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Tributes flow to John Hume, ‘epic’ Northern Irish peacemaker

03 August 2020

PA

John Hume in 2016

John Hume in 2016

CHURCH leaders in Ireland have paid tribute to the Nobel Peace Prize winner and Northern Irish politician John Hume, who died on Monday, aged 83.

Hume was one of the founding members of the Social Democratic and Labour Party (SDLP) in 1970, which he went on to lead from 1979 until 2001. He was jointly awarded the Nobel Peace Prize with the unionist leader David Trimble, for his part in the peace talks that led to the Good Friday Agreement in 1998.

He served as a Member of the European Parliament, the UK Parliament, and the Northern Ireland Assembly. In 2012, he was made a Knight Commander of the Papal Order of St Gregory the Great by Pope Benedict XVI. He retired in the same year after being diagnosed with dementia.

The Archbishop of Armagh, the Most Revd John McDowell, said on Monday: “John Hume will be remembered not only as a significant politician in Ireland, but also for his unambiguous dedication to making political change happen by purely peaceful means.

“Because of the manner of his approach, this required enormous patience and sympathetic understanding, and those of us who are the beneficiaries of his legacy can only regret his passing while, at the same time, being thankful for his gargantuan efforts in the cause of peace and good relations.”

Hume was raised in Derry. His funeral is due to take place on Wednesday in St Eugene’s Cathedral in the city. The Bishop of Derry, the Rt Revd Donal McKeown, said that the death of “one of the greatest peacemakers and champions of social justice of our time will be felt by many people locally and around the world. He dedicated his life to the welfare of this community, at no small cost to himself. . .

“While he strode the world stage, he remained firmly rooted in his local city. It was the specific circumstances that prevailed here in his native city that helped develop his vision for the future. His first-hand experience of injustice and violence and his broad European vision emboldened him to persevere in building bridges and friendships.”

He continued: “John had spent a few years in seminary discerning whether he had a vocation to become a priest. In many ways he always retained that strong Christian sense of being called to be a peacemaker. Because he generated hope for his local community he will be remembered as one of the great local and world figures of his generation.”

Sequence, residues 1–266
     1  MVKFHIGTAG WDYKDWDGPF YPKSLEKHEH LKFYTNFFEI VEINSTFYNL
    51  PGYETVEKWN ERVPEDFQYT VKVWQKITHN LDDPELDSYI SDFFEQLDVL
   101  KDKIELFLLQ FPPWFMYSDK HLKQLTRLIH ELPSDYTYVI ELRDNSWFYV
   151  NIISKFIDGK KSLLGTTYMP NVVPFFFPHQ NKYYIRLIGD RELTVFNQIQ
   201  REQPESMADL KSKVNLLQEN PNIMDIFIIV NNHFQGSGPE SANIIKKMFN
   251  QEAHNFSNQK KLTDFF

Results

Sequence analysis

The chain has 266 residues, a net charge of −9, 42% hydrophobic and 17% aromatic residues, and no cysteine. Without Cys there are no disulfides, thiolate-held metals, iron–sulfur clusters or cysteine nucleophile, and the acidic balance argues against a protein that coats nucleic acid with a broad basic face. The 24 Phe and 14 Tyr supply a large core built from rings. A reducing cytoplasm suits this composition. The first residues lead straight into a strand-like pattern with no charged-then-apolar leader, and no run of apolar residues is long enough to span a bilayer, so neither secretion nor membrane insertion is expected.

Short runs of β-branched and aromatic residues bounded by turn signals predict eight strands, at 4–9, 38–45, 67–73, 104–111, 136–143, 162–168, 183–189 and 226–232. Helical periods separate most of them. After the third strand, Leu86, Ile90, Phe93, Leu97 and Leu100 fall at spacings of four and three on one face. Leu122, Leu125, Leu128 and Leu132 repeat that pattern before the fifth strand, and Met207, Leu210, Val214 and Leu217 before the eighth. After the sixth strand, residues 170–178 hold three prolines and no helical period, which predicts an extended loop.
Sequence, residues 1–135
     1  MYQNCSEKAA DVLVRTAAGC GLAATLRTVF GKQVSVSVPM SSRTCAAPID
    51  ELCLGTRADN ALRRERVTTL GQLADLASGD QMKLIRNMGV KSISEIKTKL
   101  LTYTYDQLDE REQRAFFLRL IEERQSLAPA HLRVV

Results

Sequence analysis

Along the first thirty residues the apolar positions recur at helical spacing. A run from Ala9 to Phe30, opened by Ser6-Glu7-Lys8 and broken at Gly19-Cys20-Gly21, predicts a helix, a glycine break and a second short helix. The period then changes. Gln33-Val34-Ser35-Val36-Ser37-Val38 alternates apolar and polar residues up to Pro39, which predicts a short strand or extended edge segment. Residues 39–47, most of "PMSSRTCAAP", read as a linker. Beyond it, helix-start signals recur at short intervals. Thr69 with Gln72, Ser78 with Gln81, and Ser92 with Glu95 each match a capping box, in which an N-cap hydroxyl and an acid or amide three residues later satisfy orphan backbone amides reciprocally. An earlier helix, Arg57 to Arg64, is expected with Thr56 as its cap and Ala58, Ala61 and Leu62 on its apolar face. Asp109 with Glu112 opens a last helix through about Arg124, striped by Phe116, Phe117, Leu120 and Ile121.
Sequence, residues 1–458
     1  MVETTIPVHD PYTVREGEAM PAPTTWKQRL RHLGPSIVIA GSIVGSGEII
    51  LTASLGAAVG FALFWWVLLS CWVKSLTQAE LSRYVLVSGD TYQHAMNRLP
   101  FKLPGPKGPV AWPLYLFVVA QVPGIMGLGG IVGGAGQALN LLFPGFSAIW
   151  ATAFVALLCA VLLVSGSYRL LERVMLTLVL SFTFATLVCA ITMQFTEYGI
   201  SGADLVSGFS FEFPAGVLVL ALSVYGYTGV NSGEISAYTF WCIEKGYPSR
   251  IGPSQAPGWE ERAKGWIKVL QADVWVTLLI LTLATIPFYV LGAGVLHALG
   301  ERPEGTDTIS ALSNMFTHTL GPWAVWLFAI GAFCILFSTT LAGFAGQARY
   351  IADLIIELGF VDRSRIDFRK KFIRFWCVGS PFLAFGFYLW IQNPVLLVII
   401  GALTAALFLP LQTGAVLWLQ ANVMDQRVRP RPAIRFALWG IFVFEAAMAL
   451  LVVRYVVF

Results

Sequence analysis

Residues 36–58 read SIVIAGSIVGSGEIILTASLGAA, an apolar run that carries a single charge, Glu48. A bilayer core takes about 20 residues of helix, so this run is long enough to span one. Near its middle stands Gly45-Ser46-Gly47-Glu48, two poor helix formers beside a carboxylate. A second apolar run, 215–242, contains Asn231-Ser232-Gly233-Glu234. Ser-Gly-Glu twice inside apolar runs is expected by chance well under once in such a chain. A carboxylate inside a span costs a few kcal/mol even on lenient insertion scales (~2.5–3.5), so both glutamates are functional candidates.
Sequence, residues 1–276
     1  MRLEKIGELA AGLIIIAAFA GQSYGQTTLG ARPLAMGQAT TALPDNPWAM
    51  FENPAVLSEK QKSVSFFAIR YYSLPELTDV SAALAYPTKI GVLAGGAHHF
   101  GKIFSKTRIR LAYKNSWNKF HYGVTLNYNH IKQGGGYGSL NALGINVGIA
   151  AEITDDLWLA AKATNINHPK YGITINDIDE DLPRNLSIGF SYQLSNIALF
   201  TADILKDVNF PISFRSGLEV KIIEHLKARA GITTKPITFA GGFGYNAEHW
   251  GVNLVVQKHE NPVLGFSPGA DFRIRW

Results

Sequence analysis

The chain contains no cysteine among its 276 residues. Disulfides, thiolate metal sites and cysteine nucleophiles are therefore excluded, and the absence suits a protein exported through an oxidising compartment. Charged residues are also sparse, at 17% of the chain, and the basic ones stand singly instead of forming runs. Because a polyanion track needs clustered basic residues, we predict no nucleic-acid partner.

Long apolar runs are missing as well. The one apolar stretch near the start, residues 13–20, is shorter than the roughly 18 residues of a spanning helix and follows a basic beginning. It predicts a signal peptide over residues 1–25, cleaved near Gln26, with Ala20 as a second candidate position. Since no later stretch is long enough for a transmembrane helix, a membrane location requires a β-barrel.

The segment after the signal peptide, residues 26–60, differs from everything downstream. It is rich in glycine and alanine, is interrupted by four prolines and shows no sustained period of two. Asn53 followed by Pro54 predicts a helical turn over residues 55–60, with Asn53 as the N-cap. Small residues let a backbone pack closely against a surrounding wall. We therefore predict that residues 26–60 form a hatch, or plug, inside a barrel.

The Archbishop of Dublin, Dr Michael Jackson, said: “During turbulent and troubled times, John Hume put his shoulder to the wheel in the service of dialogue and peace. He did so for people right across Ireland who lived in fear of the present and in hope of a brighter future.

“His legacy of painstaking dialogue is recognised internationally and was honoured in his lifetime by the joint award with Lord (David) Trimble of the Nobel Peace Prize. The fruit of his legacy remains the Good Friday-Belfast Agreement. We honour his memory, give thanks for his courage and pray for all members of his family.”

The former Primus of the Scottish Episcopal Church, the Rt Revd David Chillingworth, grew up in Northern Ireland and served his 29 years as a Church of Ireland priest during the heart of the Troubles. He said of Hume on Wednesday: “Never a showy or a band-standing politician  John Hume’s intelligent leadership and dogged persistence were central to Ireland’s long march away from violence and towards peace.

“The most intractable conflicts across the world are those which feed on a tribal mixture of religion, politics, identity and painful memory. John Hume’s example in Northern Ireland showed that even these conflicts can yield their toxic power to determined and long-term efforts in the cause of peace.”

Hume had internationalised the conflict by cultivating friendships with Bill Clinton and Irish-Americans such as Edward Kennedy, Bishop Chillingworth said. The politician also made a “pathway for Sinn Fein and the IRA away from politics through drawing Gerry Adams into talks. He knew that such a process would be messy and that he would be accused of compromise with violence. . .

“For John Hume and the SDLP, the cost was the growth of Sinn Fein as a political force which came to eclipse their own party.  Such personal and political sacrifice are rare and precious. They were the essence of the political capacity and the spiritual depth of a truly remarkable man.”

The chief executive of the Children’s Society, Mark Russell, who grew up in Northern Ireland during the Troubles, wrote on Twitter: “So sorry to hear that #JohnHume has died. A giant in Irish politics. His courage in standing up to IRA violence and building bridges was inspirational. Peace wouldn’t happened without him and my prayers are with Pat and his @SDLPlive family.”

The former Prime Minister Tony Blair, who was in office when the peace deal was signed, described Hume as “a political titan” and “a visionary who refused to believe the future had to be the same as the past. His contribution to peace in Northern Ireland was epic, and he will rightly be remembered for it. He was insistent it was possible, tireless in pursuit of it, and endlessly creative in seeking ways of making it happen.”

Hume died in a nursing home in Londonderry after a long illness. He is survived by his wife, Pat, and their children.

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